Split vision: While similar to tunnel vision, this is more likely to impact senior decision makers in an organization. The problem comes about because they are managing competing priorities stemming from different sets of data that don’t align. There’s no clarity about how or even whether these priorities are part of the same goal.


Double vision: This can also stem from a lack of unified, coherent data across the IT and security function. Have you ever tried to drive with two map apps systems switched on? They may try to take you in different directions, adding chaos and uncertainty where there needs to be calm and clarity. Accurate, centralized intelligence is the only way to drive confident decision making.


Blurred vision: When there’s too much data circulating among IT and security teams, actionable information can get lost in the noise. We can go further with the analogy here. Myopia (nearsightedness) explains the challenge of IT teams so focused on the detail that they can’t see the forest for the trees. No regard is given to downstream systems or current objectives. On the other hand, hyperopia (farsightedness) describes those teams who understand the bigger picture — their overall business goals — but lack the up-close detail to get them there.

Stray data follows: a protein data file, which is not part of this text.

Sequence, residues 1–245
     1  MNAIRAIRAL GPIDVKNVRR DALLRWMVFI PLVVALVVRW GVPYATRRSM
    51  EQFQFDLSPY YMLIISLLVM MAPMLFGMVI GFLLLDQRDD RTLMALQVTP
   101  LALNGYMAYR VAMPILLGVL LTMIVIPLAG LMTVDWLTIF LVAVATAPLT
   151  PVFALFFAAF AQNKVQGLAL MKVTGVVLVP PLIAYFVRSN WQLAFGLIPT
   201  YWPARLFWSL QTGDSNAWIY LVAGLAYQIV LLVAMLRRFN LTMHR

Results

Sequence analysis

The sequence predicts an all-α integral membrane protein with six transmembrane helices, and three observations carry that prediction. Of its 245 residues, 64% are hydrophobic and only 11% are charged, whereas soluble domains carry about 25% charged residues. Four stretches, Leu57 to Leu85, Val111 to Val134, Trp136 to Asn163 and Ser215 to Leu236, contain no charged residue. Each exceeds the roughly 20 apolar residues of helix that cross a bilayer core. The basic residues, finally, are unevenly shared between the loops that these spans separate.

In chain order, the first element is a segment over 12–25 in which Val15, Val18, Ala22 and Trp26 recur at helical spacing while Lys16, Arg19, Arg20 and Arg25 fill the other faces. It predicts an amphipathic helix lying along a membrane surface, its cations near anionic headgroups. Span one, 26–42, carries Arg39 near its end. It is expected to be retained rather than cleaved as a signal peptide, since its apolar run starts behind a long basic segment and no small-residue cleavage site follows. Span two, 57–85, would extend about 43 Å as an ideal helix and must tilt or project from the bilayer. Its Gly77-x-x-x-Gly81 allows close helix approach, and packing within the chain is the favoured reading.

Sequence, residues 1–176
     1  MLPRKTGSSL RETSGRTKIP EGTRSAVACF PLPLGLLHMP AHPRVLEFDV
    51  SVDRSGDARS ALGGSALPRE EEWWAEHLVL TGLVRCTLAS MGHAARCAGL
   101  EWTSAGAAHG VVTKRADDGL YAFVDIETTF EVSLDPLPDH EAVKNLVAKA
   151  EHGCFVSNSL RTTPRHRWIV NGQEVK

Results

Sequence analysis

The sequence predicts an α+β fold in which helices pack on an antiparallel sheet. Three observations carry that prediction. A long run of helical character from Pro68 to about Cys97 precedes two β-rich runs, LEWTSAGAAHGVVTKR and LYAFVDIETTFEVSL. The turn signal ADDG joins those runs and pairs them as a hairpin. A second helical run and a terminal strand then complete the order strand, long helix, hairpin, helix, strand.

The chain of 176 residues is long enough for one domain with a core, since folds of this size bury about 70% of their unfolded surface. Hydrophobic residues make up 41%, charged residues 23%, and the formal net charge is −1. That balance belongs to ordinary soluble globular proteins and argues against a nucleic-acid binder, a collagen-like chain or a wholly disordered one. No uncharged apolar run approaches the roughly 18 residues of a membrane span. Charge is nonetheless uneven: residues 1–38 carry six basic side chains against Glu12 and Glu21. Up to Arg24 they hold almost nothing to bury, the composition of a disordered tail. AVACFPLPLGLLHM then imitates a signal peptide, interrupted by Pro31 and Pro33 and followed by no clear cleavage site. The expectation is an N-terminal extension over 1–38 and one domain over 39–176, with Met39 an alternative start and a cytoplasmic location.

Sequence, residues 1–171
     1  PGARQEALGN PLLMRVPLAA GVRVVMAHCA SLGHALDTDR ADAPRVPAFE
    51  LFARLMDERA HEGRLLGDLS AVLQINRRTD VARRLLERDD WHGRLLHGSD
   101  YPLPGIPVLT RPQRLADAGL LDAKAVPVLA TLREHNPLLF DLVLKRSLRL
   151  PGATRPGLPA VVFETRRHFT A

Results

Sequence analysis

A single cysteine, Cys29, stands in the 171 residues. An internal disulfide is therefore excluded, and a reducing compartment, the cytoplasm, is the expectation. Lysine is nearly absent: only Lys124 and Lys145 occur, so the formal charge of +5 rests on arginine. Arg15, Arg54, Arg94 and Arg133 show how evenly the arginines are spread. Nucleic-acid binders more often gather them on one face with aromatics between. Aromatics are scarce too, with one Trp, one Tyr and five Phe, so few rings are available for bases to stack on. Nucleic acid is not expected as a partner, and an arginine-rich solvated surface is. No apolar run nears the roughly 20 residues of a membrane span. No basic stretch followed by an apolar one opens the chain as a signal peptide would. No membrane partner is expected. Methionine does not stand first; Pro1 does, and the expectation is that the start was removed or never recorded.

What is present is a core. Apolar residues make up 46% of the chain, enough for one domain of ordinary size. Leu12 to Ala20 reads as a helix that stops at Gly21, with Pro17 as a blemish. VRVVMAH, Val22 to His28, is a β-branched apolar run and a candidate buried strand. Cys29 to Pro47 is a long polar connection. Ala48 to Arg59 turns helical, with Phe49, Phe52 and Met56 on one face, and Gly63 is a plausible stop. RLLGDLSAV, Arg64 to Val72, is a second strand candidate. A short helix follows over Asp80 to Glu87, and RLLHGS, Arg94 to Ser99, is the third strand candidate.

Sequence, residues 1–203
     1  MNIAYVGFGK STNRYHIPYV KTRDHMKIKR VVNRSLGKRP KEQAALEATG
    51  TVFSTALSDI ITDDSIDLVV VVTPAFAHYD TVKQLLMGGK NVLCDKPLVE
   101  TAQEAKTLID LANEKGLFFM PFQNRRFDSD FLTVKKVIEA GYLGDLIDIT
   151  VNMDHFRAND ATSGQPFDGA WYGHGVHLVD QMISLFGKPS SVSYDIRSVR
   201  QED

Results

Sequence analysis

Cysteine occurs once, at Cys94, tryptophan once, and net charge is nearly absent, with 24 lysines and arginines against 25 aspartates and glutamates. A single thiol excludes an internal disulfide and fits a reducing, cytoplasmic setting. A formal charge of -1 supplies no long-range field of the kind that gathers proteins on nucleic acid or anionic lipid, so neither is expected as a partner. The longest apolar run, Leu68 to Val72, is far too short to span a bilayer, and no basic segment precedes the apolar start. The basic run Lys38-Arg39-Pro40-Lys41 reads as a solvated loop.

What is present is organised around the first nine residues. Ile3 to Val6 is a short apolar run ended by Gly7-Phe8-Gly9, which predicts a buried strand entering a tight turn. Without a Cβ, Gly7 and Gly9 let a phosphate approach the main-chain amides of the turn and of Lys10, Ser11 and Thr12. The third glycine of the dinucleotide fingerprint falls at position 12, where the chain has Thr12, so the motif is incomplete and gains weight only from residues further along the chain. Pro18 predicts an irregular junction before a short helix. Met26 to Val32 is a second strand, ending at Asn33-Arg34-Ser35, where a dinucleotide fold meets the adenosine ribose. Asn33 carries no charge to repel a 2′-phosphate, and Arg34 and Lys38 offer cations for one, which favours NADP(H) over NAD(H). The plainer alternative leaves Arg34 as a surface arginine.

Presbyopia (old sight): As the name suggests, this is a condition that stems from old age. Old data is data that is out of focus. Although historical information can help to determine trends, tasks like incident response, threat hunting and change or problem management require timely, accurate data. The longer it takes to get data back about your IT environment, the less valuable it will be.


Astigmatism: Finally, consider this cause of blurred vision, which often occurs due to a mismatch between curves of the lens inside the eye. In IT and cybersecurity there’s also often a mismatch — between a chosen tool and the task it is used to perform. Consider the misuse of endpoint detection and response (EDR) solutions for inventorying assets, for example. As different teams often have their own preferred tooling, this once again leads to multiple versions of the truth. Truth is not an average.



Seeing and knowing what to do